Will I increase my chances of denial if I keep bothering the government. Hi, I’m Jim Hacking, immigration lawyer, practicing law throughout the United States at our offices here in St. Louis, Missouri. I got a good laugh the other day when I was reading through our Immigrant Home Facebook Group. And if you’re not in our Facebook Group, you really should join us. It’s called Immigrant Home. We’re in there every day, answering as many questions as we can, and people are having good discussions with each other about maybe processing times or their experiences in applying for certain immigration benefits. The group has really sort of taken on a life of its own.
But I had a good laugh the other day because somebody said, “Is it true that if you keep bothering USCIS, that you’ll slow down your case or get it denied?” And I laughed about this and I even talked about it with some of the people here in the office. I thought it was sort of a silly question that, “No, of course not. You can’t bother them too much or bother them so much that they deny your case.” But when I talked to [Adela 00:00:59], our office manager and who’s been with me, my right-hand person, since we started back in 2007, she looked at me and she said, “You know, that’s not such a funny question.” She said, “I do believe, especially if you put in service requests that you can slow down your case.”
And what she meant by that is that your case is going on a certain track. And when you file a service request, you actually can pull it off that track while somebody else retrieves the file to see what’s going on with it, and then sending it back. Actually, sending in multiple service requests or doing repeated service requests at USCIS can cause you problems.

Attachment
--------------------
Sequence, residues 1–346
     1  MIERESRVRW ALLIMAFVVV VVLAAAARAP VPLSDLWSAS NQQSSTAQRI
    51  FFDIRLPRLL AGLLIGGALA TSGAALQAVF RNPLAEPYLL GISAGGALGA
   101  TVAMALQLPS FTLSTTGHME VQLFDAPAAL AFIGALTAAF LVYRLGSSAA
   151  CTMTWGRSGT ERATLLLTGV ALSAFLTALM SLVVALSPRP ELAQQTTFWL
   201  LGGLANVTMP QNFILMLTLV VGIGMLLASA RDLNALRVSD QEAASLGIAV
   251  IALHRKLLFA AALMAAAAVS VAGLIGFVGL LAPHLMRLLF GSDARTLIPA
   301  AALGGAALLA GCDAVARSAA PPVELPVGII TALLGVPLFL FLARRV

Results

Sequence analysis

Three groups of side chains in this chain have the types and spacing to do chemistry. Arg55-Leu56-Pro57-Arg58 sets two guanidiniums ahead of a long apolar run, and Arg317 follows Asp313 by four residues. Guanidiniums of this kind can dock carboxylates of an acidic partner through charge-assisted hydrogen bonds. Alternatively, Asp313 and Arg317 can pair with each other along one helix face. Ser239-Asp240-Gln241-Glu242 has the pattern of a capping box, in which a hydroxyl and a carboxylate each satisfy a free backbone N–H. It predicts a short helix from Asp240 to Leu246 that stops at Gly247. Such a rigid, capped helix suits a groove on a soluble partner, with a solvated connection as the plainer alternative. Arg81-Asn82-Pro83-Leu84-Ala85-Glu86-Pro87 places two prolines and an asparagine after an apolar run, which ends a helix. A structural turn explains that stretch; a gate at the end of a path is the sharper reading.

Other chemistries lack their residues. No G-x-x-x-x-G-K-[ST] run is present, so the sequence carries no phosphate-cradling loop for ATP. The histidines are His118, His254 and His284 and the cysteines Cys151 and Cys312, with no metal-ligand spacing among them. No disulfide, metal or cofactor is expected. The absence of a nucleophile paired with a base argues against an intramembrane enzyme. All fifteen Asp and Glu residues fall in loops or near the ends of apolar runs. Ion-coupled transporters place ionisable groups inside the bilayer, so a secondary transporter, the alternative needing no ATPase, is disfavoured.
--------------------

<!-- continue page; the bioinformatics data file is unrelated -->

I think at the embassy, they’ve done a pretty good job of setting up these filters so they basically don’t even see your requests. But anecdotally, based on things that I’ve seen over time, when I’ve seen the interactions that people have had with the State Department at the National Visa Center and at the embassies, I do think that you can make them so angry that they just put your case up on the shelf. I wouldn’t say that they would deny a case because you bother them too much. But I also do think that too many repeated requests can cause frustration on their end and make them want to work on your case less. We’ve definitely had people be told by the State Department, “Stop emailing us. We’ll let you know. There’s nothing to tell you now. Please leave us alone.” Those kinds of things. And I think, at that stage, you really do need to stop.
You might need to think about suing them at any of these stages, but just bothering them for the sake of bothering them, the squeaky wheel doesn’t always get the grease. I would advise you to do this with caution and to do it in limited circumstances and not, just because you can, keep sending an email. I mean, just think about if it cost you $100 to contact them each time, how would you handle things differently? Just because it’s easy to contact them, or at least to send a message or to make a service request, doesn’t mean that you should.
I hope this makes sense. If you have questions, give us a call 314-961-8200. You can always join us in that Facebook Group I mentioned, Immigrant Home. We’d love to have you subscribe to our YouTube channel. That way, whenever we update a new video, which we do every day, you’ll be the first to find out. And then, on Tuesdays and Thursdays, you’ll find me, usually around noon Central Time, answering as many of your immigration related questions as I can on our YouTube channel and in the Facebook group. Thanks a lot. Have a great day.